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ECF/Shared Code Plugin

Revision as of 20:40, 26 June 2006 by Mayworm.gmail.com (Talk | contribs) (Goals)


Project Lead: Marcelo Mayworm

Mentor(s): Scott Lewis, Ken Gilmer

Project Motivation

The Shared Code Project is a small set of Eclipse plugins to support dynamic source code search and sharing among a team of Eclipse users. The SCP idea is to provide developers with an easy-to-use interface to search for source code and share source code among developers, which can be leveraged in the applications. Developers can make yours source code on Eclipse Workspace available to a lot of people, adding special metadata into these source code, making way for others developers find easy source code, in ways never possible before. SCP is based in a peer-to-peer communications and file sharing, therefore, the intention is to use the Eclipse Communication Framework (ECF) as base, because ECF provides an open source framework supporting the creation of communications-based applications on the Eclipse platform, using a peer-to-peer network. SCP focuses on the development of tool of collaborative.


  1. Enable easy-to-user searching of source code across multiple Eclipse workspaces
  2. Support metadata-based searches using Java annotations and/or Eclipse markers. See here for candidate metadata types.
  3. Support the delivery and view/presentation of matching source code in response to remote search requests
  4. Support search restriction based upon source license type, as well as individual and group-level search restrictions

See here more details of how these goals will be achieved.


Project's schedule is in SCP Schedule, you can be well aware of tasks and status about the project.

Technical Issues

Communication Channel

SCP make a broadcasting search requests from peer A(requestor) to peers N. When peer N1 matches on the search term, it sends the match to Peer A, not all the peers in the group. The messaging model imply in a request/response model. We decided have two channels: one to broadcast requests to peers N, and another to receive responses - only to requestors. The request message should contain a Return Address that indicates where to send the reply message. A simple solution was get ID of the requestor, using method getFromContainerID() in IChannelMessageEvent, and send the response using sendMessage(ID receiver, byte [] message), which sends to a particular receiver container. Any peer that wants to respond can simply initiate a direct connection with the requestor. Figure 1 shows the scenario.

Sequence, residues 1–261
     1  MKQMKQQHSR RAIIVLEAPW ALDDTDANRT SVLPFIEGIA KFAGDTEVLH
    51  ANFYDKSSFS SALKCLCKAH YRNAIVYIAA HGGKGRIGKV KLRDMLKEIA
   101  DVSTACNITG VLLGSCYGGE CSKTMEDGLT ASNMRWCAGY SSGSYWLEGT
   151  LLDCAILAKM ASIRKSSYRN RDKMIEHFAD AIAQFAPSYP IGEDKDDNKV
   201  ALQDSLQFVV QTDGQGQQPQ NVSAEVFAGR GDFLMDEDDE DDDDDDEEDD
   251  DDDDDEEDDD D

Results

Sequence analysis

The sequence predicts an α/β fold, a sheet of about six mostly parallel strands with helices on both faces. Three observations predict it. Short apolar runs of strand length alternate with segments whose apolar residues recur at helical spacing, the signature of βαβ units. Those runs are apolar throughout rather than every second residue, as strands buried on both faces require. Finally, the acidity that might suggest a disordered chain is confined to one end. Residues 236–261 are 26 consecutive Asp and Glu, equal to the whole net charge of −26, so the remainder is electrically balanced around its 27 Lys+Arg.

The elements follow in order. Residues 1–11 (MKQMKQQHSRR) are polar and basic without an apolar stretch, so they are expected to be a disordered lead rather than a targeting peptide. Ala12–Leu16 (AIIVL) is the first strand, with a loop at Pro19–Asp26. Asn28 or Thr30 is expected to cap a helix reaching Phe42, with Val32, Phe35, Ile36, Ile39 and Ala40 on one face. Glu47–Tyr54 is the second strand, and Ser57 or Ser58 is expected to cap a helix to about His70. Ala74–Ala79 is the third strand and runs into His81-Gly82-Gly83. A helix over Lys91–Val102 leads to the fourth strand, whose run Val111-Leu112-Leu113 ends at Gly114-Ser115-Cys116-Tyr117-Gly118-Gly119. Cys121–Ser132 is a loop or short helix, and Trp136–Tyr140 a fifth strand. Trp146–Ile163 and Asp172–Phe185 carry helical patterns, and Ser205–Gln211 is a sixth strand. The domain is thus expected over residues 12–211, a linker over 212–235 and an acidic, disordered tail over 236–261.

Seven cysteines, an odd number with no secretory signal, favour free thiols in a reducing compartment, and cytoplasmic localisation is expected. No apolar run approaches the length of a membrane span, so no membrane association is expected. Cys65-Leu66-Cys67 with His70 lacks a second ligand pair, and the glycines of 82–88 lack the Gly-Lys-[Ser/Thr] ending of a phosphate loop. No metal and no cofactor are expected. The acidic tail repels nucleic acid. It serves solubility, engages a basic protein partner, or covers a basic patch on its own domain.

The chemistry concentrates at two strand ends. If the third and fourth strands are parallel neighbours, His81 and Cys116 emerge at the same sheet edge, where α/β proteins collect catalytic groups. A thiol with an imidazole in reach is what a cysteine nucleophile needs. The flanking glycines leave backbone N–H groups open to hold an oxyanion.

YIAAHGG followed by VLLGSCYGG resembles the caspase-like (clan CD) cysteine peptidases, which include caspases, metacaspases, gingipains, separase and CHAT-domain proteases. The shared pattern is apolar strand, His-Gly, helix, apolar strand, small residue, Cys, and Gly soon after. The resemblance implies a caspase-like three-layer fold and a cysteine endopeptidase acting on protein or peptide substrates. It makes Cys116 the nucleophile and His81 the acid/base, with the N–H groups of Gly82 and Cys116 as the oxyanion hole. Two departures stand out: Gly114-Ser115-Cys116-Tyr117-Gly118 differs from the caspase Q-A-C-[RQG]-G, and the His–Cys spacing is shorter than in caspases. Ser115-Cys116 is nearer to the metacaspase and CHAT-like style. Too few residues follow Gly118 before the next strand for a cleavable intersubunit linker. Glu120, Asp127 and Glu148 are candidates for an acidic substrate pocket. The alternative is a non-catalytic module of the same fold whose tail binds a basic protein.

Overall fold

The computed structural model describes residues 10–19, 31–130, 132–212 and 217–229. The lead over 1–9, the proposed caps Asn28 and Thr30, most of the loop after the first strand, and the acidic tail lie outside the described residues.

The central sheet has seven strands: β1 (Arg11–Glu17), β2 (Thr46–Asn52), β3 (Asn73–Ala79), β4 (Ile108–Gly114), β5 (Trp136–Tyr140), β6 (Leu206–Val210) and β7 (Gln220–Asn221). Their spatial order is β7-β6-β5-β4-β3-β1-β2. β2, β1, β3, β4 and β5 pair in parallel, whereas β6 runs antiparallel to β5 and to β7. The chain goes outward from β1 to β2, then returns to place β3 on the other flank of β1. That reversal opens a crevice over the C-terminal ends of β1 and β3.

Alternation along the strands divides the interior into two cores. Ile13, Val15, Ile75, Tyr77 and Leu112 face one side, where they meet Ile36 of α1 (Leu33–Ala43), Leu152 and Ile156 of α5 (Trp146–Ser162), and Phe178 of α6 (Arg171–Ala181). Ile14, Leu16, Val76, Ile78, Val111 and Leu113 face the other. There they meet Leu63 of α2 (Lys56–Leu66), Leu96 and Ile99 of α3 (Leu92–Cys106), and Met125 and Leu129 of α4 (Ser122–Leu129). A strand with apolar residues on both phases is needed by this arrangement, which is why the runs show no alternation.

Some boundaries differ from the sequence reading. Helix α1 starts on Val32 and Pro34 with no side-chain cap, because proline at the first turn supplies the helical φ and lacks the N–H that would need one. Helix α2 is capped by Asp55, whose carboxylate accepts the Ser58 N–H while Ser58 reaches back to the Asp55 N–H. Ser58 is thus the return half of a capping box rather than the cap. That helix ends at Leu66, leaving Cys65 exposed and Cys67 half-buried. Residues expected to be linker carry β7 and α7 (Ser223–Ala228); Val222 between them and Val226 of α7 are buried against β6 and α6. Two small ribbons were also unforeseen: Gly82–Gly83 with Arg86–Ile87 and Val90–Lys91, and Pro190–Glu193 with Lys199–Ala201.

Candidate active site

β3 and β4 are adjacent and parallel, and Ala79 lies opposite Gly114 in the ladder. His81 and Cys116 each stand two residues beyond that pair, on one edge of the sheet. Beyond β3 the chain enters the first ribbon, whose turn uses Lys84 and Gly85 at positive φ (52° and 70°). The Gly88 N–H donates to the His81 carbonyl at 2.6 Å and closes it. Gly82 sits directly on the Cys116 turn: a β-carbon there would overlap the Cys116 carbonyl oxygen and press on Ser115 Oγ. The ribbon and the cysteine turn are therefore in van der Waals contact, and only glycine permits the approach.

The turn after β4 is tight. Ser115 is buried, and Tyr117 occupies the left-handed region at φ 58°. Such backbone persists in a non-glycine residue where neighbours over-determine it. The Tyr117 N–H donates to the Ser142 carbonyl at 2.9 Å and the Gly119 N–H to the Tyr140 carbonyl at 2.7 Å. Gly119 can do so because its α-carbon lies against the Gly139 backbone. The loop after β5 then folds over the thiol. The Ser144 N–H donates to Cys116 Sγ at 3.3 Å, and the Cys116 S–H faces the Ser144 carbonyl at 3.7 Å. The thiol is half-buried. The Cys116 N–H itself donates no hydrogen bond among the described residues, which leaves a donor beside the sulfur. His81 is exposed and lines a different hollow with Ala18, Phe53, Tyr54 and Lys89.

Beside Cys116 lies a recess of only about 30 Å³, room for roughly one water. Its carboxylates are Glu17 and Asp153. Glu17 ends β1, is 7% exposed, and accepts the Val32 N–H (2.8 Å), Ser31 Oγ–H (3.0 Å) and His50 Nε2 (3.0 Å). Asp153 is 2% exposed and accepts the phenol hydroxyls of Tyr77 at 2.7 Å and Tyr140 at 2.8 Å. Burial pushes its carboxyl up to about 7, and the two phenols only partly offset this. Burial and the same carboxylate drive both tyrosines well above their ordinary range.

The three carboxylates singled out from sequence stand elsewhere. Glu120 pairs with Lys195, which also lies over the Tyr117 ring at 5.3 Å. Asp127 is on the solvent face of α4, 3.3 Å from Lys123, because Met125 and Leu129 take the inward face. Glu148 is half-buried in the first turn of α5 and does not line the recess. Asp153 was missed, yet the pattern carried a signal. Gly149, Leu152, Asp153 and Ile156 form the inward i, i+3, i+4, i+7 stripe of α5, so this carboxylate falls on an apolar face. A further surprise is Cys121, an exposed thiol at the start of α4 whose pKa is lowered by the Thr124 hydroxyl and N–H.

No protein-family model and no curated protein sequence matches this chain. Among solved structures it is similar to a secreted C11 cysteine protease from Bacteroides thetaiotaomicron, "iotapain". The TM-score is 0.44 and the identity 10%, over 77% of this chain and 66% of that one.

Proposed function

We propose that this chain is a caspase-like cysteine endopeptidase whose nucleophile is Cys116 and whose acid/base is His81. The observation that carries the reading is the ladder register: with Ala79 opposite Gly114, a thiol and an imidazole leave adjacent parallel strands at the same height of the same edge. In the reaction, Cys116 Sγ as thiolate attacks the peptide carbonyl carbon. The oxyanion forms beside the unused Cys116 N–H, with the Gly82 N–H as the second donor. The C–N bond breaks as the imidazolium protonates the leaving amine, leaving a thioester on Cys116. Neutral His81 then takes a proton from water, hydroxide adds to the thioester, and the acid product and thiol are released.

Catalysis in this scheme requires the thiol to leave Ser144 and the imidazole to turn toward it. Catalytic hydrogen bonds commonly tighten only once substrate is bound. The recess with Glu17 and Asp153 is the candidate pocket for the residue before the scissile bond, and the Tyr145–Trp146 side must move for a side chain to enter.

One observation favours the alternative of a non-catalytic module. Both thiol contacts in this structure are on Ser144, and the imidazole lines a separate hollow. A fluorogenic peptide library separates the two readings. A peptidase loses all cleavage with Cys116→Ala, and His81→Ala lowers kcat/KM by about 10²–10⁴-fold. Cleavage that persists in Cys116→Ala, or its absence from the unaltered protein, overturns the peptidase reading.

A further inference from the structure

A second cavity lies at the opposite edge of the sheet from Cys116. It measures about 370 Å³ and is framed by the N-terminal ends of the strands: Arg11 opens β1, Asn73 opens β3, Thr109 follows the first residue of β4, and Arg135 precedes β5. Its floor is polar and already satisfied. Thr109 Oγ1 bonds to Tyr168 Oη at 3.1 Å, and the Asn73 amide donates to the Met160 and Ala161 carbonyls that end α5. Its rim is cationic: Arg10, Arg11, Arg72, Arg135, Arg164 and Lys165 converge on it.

If different messages to the same replier require replies to different places, the replier can determine from each request message where to send the reply for that request. A Return Address(ID name) is put in the header of a message because it's not part of the application data(Java files) being transmitted. Each replier needs to deal with several requests, so there is a mechanism Produce/Consumer into each peer, storing each message received in a message queue implementation. Process consumers look at messages inside the queue consuming any of the messages. Figure 2 shows the scenario.


Screenshots were produced from the SCP and placed where it can be easily seen - Screenshots SCP.


All the relevant characteristics of SCP Architecture can be figured out in ScpArchitecture.


This session is a nice place to talk abou ideas and clues with other people about SCP - Talks.

Futere Work

Server Cache Mechanism

Peer Cache Mechanism